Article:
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United States Department of Agriculture

Agricultural Research Service


item Vero, S.
item Garat, F.
item Silvera, E.
item De Aurreocoechea, I.
item Wisniewski, Michael

Submitted to: Meeting Abstract
Publication Type: Abstract Only
Publication Acceptance Date: 3/15/2004
Publication Date: 3/24/2004
Citation: Vero, S., Garat, F., Silvera, E., De Aurreocoechea, I., Wisniewski, M.E. Biocontrol activity of two yeast strains from uruguay against blue mold of citrus. Meeting Abstract. Abstract 02-17 presented at the International Workshop, "Development of Biocontrol Agents of Fungal Disease for Commercial Applications in Food Production Systems", Seville, Spain, March 24-27, 2004.

Interpretive Summary:

Technical Abstract: Citrus is the most important fruit produced in Uruguay. Citrus fruit, especially oranges, is destined for internal consumption and is also exported to Mercosur and European countries. Time to reach European markets is about one month. During this period, fruit is stored at low temperatures (5°C for oranges). However, rots due to pathogenic fungi appear causing great losses in many cases. Currently, synthetic fungicides are applied on harvested fruit as a primary means of controlling postharvest diseases in conventional production. The process includes a wash with sodium hypochlorite, a drench with sodium orthophenylphenate (SOPP), and then application of thiabendazole (TBZ) and or imazalil (IMZ) on packing line in aqueous or wax treatments. Public concern and regulatory restrictions on current pesticides have emphasized the need to find alternative methods for disease control. In recent years, biological control has been explored as an alternative to the use of synthetic fungicides for managing postharvest decay. This work describes the first trials to develop an integrated management for the control of blue mold of citrus in Uruguay. The first step of this study consisted of the isolation, identification and characterization of native strains causing blue mold of citrus in Uruguay. Strains belonging to Penicillium italicum and Penicillium ulaiense species were isolated and characterized by aggressiveness on fruit and fungicide resistance. The most aggressive pathogenic strain was chosen to be used as the pathogen in biocontrol assays. In order to find native antagonists to control pathogen development, superficial flora from healthy fruit that had been stored for more than one month at 5ºC was isolated. Those isolates that were able to grow at 5ºC on PDA were selected for further study. Biocontrol assays on fruit at 5ºC were performed using the selected isolates as antagonists. Two yeast antagonists, Leucosporidium scotti PL 9 and Cystofilobasidium infirmominiatum PL1, were chosen because they reduced blue mold incidence by more than 85%. Identification of the antagonists was confirmed by sequencing ITS1-5.8SrRNA-ITS2 regions and comparing the sequences with those deposited in NCBI data base. This is the first report of these species as biocontrol agents of blue mold of citrus. Optimal growth temperature and pH was determined for each isolate. Resistance of the two antagonists to imazalil and thiabendazole was assayed in vitro to determine the minimum concentration of fungicide that could be used in an integrated control strategy. Minimal inhibitory concentration of chitosan and glycolchitosan was also determined for native antagonists to know if those polymers could be applied together with antagonists in order to potentate biocontrol of blue mold.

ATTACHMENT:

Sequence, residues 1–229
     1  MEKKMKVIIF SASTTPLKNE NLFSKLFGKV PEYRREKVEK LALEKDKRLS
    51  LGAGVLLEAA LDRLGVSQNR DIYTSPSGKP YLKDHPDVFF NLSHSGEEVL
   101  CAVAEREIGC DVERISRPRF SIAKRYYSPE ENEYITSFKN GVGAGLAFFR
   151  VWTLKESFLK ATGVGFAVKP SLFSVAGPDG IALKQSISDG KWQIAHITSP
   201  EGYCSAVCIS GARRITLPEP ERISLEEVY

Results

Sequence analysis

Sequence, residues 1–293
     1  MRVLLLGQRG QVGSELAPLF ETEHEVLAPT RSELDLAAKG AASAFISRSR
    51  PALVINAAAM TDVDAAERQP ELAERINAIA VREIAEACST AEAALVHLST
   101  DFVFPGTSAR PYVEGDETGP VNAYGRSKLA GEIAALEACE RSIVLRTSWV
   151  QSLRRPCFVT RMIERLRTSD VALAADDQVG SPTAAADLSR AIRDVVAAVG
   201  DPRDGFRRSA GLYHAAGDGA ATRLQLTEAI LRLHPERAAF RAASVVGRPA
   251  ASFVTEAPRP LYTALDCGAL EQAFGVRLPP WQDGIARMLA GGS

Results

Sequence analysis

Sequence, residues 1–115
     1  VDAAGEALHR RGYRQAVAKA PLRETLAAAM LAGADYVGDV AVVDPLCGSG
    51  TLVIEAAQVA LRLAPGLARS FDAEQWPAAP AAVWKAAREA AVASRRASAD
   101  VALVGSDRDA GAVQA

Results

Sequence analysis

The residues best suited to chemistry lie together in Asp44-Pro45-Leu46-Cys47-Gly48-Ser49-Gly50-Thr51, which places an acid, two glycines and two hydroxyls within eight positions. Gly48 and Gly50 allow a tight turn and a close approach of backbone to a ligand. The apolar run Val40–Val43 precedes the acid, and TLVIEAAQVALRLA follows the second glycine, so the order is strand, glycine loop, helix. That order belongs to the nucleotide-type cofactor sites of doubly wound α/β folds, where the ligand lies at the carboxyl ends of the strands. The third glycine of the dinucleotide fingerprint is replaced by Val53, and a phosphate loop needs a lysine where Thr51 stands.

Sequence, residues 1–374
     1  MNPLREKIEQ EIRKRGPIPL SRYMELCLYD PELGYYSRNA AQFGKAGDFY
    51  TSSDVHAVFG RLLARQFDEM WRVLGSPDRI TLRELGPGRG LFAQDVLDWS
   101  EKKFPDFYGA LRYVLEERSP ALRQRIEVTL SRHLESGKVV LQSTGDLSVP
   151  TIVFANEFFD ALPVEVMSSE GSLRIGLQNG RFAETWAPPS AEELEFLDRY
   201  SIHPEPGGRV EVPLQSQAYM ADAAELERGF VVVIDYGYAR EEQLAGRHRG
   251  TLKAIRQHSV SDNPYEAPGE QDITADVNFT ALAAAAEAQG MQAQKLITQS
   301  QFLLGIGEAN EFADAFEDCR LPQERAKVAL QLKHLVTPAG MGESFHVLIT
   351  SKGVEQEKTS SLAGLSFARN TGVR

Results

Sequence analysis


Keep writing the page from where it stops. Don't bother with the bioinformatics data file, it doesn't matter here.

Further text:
Last Modified: 10/16/2017
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